You know the feeling: You anxiously open an email from the guy you’ve been corresponding with over the last few weeks. After quickly scanning the content, you see a series of question marks at the end. Oh, the agony! He’s asking you more questions. This time he wants to know: “What kind of music do you like?” or “What’s on your bucket list?” You got home from a long day at work. The last thing you want to do is answer essay questions. Why won’t he just ask you out?
Corresponding with the endless e-mailer is one of the biggest complaints about online dating. Of course, the first few exchanges are important. Believe it or not, those silly emails reveal a lot about a person: How long does it take you to respond? Do you write five paragraphs in response to his two sentences? Do you end abruptly or add a cheerful signature, such as “Stay warm” or “Happy Friday”? Do you write “LOL” a lot? Finally, how closely do you stick to the tried-and-true formula of responding to what they wrote, offering some new information about yourself and then advancing the conversation with an appropriate question, such as “Do you also like jogging in the park on Sunday mornings?”
Emailing is a necessary annoyance in the unnatural world of trying to flirt in bursts of delayed communication. In traditional relationships, we meet someone and get to know them. But as social critic Howard Rheingold wrote 20 years ago in the book The Virtual Community, “In cyberspace we get to know them and then we meet them.”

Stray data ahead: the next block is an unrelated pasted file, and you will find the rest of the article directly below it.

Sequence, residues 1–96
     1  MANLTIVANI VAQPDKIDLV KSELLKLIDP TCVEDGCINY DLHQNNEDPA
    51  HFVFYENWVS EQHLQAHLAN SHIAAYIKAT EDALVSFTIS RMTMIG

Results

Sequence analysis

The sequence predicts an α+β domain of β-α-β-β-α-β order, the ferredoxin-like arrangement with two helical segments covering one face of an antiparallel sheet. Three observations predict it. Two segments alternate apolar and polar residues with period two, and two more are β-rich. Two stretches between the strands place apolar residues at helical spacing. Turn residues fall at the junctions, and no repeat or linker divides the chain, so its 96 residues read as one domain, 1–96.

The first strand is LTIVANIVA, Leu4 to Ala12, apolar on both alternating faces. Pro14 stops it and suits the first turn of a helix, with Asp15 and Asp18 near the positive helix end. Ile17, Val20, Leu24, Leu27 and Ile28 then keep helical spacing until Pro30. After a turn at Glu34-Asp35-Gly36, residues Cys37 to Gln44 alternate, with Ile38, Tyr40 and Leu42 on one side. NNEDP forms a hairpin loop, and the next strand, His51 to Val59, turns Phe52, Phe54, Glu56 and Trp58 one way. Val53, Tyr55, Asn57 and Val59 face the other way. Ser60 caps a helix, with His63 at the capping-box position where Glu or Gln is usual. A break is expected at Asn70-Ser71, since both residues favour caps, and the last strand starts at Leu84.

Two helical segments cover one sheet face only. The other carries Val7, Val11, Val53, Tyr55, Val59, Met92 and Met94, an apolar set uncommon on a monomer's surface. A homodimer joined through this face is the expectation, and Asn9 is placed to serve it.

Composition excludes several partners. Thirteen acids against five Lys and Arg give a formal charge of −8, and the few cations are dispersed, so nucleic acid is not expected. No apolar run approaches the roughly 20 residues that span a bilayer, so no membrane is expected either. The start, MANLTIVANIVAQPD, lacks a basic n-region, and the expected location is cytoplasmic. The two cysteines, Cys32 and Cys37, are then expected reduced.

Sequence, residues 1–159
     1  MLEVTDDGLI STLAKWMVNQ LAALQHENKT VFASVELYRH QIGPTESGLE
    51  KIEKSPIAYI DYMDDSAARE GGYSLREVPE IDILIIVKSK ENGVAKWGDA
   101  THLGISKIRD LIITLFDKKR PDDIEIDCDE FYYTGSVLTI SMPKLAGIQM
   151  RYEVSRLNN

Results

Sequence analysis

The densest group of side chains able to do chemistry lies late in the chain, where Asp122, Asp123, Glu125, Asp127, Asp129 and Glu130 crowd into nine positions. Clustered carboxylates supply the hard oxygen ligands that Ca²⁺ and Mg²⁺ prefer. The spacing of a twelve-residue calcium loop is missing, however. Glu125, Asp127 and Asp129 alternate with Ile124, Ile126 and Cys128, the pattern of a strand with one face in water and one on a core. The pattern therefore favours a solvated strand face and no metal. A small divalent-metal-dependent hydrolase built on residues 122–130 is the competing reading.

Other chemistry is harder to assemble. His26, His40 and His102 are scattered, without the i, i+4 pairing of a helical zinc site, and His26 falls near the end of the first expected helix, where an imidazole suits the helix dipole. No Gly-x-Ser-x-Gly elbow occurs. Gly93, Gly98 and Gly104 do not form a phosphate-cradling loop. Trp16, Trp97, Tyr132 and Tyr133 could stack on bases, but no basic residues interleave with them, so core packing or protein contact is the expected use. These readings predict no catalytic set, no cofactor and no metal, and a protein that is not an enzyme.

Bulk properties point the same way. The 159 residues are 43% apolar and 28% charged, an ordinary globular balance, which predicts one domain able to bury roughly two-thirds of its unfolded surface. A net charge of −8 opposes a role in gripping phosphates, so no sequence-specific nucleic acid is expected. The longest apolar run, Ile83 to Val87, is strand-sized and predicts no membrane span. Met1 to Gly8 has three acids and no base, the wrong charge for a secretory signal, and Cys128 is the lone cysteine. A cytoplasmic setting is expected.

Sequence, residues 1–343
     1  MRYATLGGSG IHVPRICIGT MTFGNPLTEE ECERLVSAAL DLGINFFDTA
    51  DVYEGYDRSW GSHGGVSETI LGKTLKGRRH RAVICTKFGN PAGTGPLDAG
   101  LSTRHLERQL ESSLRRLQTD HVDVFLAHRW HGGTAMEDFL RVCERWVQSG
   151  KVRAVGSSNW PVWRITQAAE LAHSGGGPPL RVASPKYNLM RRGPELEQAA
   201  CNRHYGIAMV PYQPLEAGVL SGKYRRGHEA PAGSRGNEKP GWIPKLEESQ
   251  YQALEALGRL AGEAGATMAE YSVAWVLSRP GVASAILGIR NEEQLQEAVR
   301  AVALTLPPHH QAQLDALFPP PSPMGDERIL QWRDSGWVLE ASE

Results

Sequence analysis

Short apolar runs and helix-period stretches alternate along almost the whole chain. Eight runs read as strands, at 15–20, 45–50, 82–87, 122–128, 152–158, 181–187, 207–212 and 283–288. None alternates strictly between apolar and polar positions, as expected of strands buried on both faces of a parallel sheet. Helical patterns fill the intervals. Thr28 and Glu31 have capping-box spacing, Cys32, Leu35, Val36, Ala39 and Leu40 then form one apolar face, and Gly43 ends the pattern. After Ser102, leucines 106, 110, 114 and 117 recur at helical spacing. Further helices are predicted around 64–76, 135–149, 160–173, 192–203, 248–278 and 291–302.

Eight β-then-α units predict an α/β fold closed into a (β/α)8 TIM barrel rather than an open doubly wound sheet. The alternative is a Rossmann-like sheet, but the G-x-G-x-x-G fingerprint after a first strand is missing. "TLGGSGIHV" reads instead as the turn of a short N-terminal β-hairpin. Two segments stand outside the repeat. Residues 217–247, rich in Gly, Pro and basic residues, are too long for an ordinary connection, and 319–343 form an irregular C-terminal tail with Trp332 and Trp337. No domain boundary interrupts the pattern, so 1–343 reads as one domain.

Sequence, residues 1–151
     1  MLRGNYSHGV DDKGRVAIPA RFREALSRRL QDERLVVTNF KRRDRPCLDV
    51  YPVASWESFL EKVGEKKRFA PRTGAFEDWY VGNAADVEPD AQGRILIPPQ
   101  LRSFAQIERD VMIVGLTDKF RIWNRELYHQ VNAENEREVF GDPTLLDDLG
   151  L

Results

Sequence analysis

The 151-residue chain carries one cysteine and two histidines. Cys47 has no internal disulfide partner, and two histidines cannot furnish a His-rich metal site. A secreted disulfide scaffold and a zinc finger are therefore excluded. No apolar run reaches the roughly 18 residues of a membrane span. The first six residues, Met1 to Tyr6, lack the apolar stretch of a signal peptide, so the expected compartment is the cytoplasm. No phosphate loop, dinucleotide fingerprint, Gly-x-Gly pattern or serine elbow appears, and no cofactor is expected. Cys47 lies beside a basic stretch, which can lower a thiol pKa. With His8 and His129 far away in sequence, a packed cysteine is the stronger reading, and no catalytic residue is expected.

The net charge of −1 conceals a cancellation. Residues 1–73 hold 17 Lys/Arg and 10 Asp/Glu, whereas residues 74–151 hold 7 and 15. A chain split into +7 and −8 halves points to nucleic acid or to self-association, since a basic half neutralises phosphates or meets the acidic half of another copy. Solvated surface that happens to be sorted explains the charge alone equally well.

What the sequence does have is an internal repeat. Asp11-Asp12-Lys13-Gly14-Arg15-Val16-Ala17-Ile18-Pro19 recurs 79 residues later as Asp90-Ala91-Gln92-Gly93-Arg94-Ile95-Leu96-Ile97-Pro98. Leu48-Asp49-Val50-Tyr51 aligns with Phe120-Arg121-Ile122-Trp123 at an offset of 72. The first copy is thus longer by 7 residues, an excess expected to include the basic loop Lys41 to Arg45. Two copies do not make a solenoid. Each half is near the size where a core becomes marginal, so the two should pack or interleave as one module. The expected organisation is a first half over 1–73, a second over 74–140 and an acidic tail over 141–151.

The problem is that there’s a limit to how well you can get to know someone this way. By the time you’ve been emailing four or five (or nine) times, you’ve developed an image of the recipient that usually won’t match up in real life. If an email exchange goes on too long, your sweet anticipation can quickly turn into disappointment upon meeting. (Or the poor recipient will give up altogether before you even get the chance to zoom in for the date.) She’s not as playful in the flesh as you thought she would be. He’s not as hilarious.
Your goal should be to suggest meeting (or at least talking on the phone) after two or three exchanges. If you’re dealing with a marathon emailer, you can scoot him or her along with this line: “I’d love to tell you more about my bucket list, but perhaps it’s best done over a glass of wine.”
The same goes for the phone. Some people like to skip the call and go straight for the date. Some people aren’t their best on the phone, and it can be challenging lining up your schedules. Are you really your most fun and flirty when you’re juggling your phone and weighing almonds from the bulk bin because he called while you were at the grocery store?
But if you prefer logging in a call, keep it to one. Don’t suggest Skyping next. Better yet, use that phone call to ask the person out and set a date right there. “It was fun talking to you. Do you want to meet next Saturday afternoon?” And please save texts to communicate directions and important information, such as being stuck in traffic.
You want to meet your date as soon as possible. You want to see him fidget with his spoon or watch her twirl her hair. You want to watch the way his eyes light up when he catches his first glimpse of you. You want to catch a whiff of her perfume as you help her with her coat.
You can’t do that behind a computer.
About the Author:
Sarah Elizabeth Richards is a journalist and the author of Motherhood, Rescheduled: The New Frontier of Egg Freezing and the Women Who Tried It. Her writing has appeared in The New York Times, The Wall Street Journal, Marie Claire, Elle, Cosmopolitan, Slate and Salon.